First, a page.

Poster pro |

Poster pro

Caramie Schnellcschnell@vaildaily.comVail, CO Colorado
HL 50th Poster Winner DT 11-29-12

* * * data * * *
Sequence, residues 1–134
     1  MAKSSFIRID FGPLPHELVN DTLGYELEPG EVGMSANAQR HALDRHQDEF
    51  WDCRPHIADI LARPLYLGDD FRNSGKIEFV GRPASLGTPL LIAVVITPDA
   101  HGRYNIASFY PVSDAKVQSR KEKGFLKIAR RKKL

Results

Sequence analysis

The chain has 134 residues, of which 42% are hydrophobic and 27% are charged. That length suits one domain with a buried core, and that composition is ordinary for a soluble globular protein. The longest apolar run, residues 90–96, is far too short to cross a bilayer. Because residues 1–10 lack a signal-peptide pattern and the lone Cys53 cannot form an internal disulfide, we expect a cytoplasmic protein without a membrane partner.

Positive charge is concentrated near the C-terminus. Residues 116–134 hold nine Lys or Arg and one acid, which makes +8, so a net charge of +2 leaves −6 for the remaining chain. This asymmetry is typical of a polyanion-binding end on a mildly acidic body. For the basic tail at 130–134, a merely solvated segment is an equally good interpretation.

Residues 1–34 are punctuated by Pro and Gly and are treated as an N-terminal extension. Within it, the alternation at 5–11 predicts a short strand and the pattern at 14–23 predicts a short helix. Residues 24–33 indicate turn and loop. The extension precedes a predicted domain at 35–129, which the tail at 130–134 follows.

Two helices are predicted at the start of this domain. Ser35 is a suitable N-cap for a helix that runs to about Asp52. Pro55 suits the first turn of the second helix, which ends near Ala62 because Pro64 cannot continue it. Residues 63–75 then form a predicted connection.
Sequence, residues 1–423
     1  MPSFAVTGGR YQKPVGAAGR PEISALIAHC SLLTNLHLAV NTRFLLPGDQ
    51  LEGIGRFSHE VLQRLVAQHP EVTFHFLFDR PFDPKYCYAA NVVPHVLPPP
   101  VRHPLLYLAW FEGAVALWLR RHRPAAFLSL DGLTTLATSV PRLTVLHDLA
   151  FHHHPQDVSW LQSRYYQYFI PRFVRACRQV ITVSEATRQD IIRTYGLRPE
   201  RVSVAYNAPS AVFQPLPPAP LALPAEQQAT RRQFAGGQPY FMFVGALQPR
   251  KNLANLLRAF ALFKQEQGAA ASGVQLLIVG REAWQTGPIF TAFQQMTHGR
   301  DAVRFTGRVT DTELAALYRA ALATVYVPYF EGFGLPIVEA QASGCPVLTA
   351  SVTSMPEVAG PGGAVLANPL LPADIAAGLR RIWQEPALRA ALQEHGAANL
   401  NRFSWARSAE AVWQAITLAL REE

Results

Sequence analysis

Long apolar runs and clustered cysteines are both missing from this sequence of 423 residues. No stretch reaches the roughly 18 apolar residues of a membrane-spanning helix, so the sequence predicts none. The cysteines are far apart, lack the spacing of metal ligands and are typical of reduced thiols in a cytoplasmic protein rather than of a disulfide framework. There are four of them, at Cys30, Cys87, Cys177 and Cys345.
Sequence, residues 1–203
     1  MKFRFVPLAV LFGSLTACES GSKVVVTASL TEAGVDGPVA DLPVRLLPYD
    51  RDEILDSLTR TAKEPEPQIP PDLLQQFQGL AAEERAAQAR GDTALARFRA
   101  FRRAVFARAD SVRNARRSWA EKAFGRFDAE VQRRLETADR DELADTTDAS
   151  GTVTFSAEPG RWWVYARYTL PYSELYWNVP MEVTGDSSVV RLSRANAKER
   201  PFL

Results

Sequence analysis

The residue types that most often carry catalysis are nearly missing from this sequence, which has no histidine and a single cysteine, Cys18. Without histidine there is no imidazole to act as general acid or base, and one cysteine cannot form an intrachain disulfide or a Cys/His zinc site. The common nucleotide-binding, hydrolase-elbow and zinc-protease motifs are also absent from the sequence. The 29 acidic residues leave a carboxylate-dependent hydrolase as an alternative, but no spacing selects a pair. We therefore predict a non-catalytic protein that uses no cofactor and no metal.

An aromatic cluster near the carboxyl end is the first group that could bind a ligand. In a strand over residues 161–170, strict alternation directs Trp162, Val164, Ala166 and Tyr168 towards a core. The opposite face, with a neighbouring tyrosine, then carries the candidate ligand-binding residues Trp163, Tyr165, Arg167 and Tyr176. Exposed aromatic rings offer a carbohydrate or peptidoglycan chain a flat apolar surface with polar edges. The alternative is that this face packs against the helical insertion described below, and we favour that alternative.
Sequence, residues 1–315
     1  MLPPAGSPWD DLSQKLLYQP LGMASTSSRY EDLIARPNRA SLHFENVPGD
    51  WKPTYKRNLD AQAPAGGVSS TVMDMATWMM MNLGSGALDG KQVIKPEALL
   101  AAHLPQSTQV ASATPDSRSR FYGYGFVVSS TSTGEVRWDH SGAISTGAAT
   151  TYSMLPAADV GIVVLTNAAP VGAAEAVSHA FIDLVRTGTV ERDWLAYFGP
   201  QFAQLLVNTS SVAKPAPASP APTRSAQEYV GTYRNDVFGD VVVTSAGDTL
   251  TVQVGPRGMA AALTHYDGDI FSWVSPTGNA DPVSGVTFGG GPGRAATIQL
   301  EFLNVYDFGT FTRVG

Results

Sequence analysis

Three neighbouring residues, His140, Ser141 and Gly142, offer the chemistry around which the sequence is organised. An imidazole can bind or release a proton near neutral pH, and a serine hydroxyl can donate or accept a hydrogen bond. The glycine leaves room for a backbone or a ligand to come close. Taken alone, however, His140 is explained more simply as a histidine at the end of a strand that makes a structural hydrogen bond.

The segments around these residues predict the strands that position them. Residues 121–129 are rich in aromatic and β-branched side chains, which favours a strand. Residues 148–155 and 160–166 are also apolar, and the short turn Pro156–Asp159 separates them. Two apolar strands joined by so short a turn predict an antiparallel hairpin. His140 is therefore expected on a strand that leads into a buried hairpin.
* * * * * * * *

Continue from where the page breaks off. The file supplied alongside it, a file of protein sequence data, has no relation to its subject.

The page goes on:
Until this week, artist Greg Montgomery had never stepped foot in Vail. But that didn’t stop him from entering a poster contest held by the Vail Daily, town of Vail and Vail Resorts back in August in order to honor Vail’s 50th anniversary. We caught up with Montgomery, who lives in Albany, New York, on Thursday, his first full day in town. “This is amazing, just amazing,” he said, referring to the town. “I bet it’s even more amazing with another few feet of snow on the ground.”Years ago, Montgomery made it as far as Copper Mountain on Interstate 70, but he never quite made it to Vail, he said.”So when the opportunity came to come to Vail – everyone knows about Vail – I said, well this I gotta see.” This afternoon, from 4 to 6 p.m., Montgomery will sign copies of his poster at the Colorado Ski and Snowboard Museum in Vail. The posters are being sold for $39.99 and are for sale at the Vail Daily, Mount N’ Frame in Vail, Christopher & Co. in Beaver Creek and the Colorado Ski and Snowboard Museum in Vail.”We’ve gotten excellent feedback on the poster so far,” said Sue Pachmayer, who has been selling the posters at the Colorado Ski Museum since the end of September. “It’s striking when you look at it. People like the colors, the concept and the fact that the 10th Mountain Division is incorporated in the poster.”The contestFifty two artists submitted somewhere around 65 poster entries to the contest. A group of seven people – including representatives from Vail Resorts, the Vail Daily and the town of Vail and its Art in Public Places program – spent three hours going through the submissions before choosing Montgomery’s. “One of the Art in Public Places board members, Doe Browning, implemented a system where every poster was projected by a laptop onto a screen. We went through each one. The process was similar to jurying an arts festival,” said Mark Bricklin, the Vail Daily’s marketing director. “Doe was very organized and methodical about it. We really let them – the town of Vail and art in public places people – take the lead.”Montgomery’s stood out from the rest of the submissions for a few reasons, Bricklin said. “They liked that he had this flow from 10th Mountain Division to now,” he said. “They thought it was the most professional and most polished design submitted, and they really liked the design.”The winnerDuring the past 27 years, Montgomery has designed plenty of posters, but most of them had nothing to do with skiing or Colorado, but rather the focus has mostly been equestrian in nature. For nearly three decades, he’s designed a poster each year for the Travers Stakes, a thoroughbred horse race held each August in Saratoga Race Course in Saratoga Springs, New York, where Montgomery lives for the month of August each year.”The Travers, if you’re in the horseracing business, is a very big deal. It’s the first race in the country that had a million dollar purse, and it’s the oldest horse race in the country,” he said.The poster Montgomery created for Vail has a similar feel to the Travers race posters he designed. It’s clear with all of Montgomery’s work that he is a “big fan” of the old British Railway art, posters created in England to “get people on a train and go on vacation,” he said. Montgomery heard about the contest from longtime Vailite David Cole, who visits Saratoga Springs each August with his wife, Virginia Craft Payson, for the horse races and have collected Montgomery’s work for years. “He showed up with a copy of the Vail Daily announcing the contest and said, ‘I know this is an extremely busy time of your year, but …'” Montgomery recalled.Despite a hectic schedule, Montgomery agreed to give it a go. He researched some Vail history and with some input from Cole, eventually designed the mostly red, white and turquoise blue poster as it looks now, with a 10th Mountain Division soldier, a skier in waist deep powder and a snowboarder. In the background, the Covered Bridge and the Clock Tower, iconic Vail landmarks, can be seen, and along the top of the poster is the faint outline of a Vail Mountain topographic map. And now that Montgomery is finally seeing Vail for the first time this week, ideas for more Vail posters, perhaps even a series, are percolating in his brain.”Vail is a place where there is so much going on,” he said. “There are some really interesting people in a really interesting town that’s famous for international skiing.”

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